Quit temple lands, Andhra Pradesh Government tells minority farmers

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Vijayawada, June 24: In a controversial move, the Andhra Pradesh government has directed officials to start evicting Dalit Christian and Muslim farmers from endowment lands on grounds that no land belonging to a Hindu temple or mutt can be cultivated by a non-Hindu.

According to TOI report The move follows a government order issued in November 2015 but which is being implemented now at the beginning of the agriculture season when land leases are renewed.

Earlier this month, the Andhra government began serving notices on tenant farmers to immediately hand over the land under their possession. Dalit tenants were asked to produce a certificate from the church declaring that they are not practising Christianity to continue farming in temple lands, while Muslims were barred from taking up cultivation in temple lands under the new rules.

In Andhra Pradesh, there are many Dalits who have converted to Christianity in recent times, but since they have not changed their names, it’s not easy to figure out that they have converted.

The continuation of land leases for cultivation coincided with the new kharif season. The endowments department revamped the temple land lease guidelines and started enforcing them from the current kharif season. As per the order, clause (f) of Rule 9says: “No person professing a religion other than Hinduism is entitled to obtain lease either through tender-cum-public auction or otherwise.”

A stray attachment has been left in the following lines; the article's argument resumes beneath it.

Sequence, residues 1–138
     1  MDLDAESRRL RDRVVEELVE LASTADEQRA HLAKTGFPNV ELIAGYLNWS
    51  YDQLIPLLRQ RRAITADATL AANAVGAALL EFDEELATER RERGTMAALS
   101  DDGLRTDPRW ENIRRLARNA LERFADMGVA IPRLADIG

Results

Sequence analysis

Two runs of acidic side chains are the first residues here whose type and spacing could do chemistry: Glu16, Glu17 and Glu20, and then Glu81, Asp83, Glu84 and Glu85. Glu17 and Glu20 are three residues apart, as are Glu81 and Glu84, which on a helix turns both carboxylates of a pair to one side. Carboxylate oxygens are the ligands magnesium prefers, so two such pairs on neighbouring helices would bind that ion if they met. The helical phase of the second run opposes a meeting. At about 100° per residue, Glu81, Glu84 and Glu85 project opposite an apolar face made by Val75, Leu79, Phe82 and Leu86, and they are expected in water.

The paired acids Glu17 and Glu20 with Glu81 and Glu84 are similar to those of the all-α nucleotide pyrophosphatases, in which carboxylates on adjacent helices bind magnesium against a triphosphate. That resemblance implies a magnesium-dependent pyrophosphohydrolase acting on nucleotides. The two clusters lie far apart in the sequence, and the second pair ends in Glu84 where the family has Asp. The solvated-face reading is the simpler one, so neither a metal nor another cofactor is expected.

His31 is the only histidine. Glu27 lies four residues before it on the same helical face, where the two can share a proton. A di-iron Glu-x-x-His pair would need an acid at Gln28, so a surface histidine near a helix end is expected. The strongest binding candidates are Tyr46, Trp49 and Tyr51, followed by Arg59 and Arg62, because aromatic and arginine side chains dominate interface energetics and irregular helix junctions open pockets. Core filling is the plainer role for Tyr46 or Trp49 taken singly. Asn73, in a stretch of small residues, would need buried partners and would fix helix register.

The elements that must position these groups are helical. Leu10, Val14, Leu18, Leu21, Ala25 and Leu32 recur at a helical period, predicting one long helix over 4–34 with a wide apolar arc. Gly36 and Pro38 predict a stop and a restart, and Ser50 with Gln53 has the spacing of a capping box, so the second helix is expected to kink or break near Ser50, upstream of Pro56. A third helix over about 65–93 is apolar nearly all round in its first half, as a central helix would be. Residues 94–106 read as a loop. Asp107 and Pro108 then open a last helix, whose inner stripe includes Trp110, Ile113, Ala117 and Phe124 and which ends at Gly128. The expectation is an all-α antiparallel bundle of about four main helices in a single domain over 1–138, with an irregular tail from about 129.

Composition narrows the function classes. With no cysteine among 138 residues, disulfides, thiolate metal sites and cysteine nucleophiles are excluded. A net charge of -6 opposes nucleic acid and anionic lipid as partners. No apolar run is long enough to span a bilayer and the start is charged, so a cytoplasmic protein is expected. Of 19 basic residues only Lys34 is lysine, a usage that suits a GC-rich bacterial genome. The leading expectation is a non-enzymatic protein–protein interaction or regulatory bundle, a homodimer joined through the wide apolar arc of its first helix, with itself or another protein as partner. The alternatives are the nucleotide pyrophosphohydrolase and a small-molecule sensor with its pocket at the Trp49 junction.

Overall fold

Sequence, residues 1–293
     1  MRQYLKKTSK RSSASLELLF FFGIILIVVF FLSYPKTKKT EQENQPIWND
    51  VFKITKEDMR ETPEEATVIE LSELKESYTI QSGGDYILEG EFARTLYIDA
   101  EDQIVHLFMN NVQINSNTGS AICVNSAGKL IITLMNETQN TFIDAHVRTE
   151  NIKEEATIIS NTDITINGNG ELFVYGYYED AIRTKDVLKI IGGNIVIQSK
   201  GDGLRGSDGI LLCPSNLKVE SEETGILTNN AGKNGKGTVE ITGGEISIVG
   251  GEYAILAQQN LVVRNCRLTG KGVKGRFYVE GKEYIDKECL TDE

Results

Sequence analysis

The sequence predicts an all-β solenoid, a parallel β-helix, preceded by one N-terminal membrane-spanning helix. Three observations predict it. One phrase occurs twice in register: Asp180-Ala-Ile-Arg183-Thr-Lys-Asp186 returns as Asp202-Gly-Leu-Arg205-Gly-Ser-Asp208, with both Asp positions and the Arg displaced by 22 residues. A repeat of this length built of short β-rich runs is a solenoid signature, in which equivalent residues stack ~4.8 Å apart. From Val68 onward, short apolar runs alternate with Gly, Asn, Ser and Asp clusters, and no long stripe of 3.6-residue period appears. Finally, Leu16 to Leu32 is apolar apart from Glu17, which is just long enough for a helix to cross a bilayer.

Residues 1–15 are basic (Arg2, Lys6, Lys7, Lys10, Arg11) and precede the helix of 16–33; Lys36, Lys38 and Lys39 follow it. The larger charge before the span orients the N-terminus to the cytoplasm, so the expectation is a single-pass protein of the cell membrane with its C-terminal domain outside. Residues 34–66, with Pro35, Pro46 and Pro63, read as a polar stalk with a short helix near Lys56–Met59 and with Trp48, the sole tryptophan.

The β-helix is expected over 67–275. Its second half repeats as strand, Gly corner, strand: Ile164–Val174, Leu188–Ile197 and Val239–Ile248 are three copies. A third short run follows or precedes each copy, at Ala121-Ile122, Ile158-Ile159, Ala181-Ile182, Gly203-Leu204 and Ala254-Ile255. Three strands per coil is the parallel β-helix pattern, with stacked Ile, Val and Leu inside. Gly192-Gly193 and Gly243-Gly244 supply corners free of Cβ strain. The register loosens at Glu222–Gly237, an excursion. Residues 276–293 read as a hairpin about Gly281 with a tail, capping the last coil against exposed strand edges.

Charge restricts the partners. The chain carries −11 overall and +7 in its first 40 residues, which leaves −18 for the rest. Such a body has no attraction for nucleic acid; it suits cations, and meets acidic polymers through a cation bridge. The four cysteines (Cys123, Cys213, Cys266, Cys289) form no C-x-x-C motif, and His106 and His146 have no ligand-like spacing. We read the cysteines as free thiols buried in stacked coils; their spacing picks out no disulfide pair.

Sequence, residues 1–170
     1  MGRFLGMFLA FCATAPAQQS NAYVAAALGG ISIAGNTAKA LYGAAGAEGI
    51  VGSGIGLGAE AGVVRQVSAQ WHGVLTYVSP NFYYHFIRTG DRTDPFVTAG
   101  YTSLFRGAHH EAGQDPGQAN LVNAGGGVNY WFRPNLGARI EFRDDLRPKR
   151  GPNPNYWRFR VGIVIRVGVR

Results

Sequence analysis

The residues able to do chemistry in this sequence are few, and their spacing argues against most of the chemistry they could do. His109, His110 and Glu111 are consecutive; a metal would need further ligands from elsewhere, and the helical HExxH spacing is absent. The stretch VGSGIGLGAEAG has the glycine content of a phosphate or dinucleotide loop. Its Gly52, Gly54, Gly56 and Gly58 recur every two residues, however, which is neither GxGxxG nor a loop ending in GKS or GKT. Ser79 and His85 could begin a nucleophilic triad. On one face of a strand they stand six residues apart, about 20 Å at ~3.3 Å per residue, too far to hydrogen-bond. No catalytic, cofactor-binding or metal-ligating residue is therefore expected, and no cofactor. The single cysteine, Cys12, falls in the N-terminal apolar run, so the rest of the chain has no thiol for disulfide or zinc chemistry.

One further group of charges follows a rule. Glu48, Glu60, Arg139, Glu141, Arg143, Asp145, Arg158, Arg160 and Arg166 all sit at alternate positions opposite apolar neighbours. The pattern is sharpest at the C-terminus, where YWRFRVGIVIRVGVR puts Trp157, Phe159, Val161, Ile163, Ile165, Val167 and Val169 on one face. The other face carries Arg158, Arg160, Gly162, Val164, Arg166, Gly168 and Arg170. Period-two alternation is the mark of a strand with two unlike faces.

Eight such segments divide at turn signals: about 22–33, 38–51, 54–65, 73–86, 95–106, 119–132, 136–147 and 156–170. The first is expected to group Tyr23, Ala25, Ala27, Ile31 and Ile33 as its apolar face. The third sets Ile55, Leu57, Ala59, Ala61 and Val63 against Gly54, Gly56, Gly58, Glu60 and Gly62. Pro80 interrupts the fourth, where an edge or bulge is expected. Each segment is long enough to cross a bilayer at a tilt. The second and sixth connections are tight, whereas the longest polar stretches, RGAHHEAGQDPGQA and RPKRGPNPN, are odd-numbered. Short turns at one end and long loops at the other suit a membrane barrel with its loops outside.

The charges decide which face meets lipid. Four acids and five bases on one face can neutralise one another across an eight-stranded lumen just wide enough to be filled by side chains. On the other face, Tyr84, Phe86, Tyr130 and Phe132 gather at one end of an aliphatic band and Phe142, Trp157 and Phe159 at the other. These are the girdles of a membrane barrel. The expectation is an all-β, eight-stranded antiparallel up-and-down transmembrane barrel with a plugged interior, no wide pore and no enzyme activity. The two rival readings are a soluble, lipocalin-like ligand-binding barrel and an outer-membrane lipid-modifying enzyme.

Muslim United Front member Habib-ur-Rehman termed the decision weird. “For that matter, 80 per cent of tenants of Jumma Masjid in Guntur are non-Muslims,” he said.

 Confirming that notices are being served on Dalit Christians, a senior endowments commissioner told TOI on condition of anonymity, “We’ve issued notices to Dalit farmers to obtain certificates from the church in accordance with the GO.”
Dalit farmer P Abraham of Pedapulivarru village close to Duggirala told TOI that he is worried he would lose land lease if he does not get the church’s certificate.
Traditionally, temples in Andhra — which are now government-controlled — are large land-owners. Tenant farmers cultivate nearly 3 lakh acres of farmland in possession of various temples and 30 per cent of them are Dalits. For instance, Sri Raghurama temple in Gollapalli in Krishna district owns over 1,200 acres in the nearby hamlet of Kothapalli. As many as 1,568 farmers are cultivating the entire land on lease. Of these, 199 farmers are Muslims, 204 farmers SCs and five tribals. The temple authority has issued notices to all of them.

Similar is the case in Kangala, Guntur, where about 300 acres of land belonging to the Sri Venugopala Swamy temple is being cultivated by Muslims. Curiously, the state asked field officers to take police’s help to move the tenants out of the lands if they fail to produce the certificate and has also empowered them to lodge a complaint with the police, the first class judicial magistrate or the metropolitan magistrate and prosecute the encroacher for criminal trespass. Manikyala Rao, minister in charge of endowments who belongs to BJP and principal secretary J S V Prasad were unavailable for comment.

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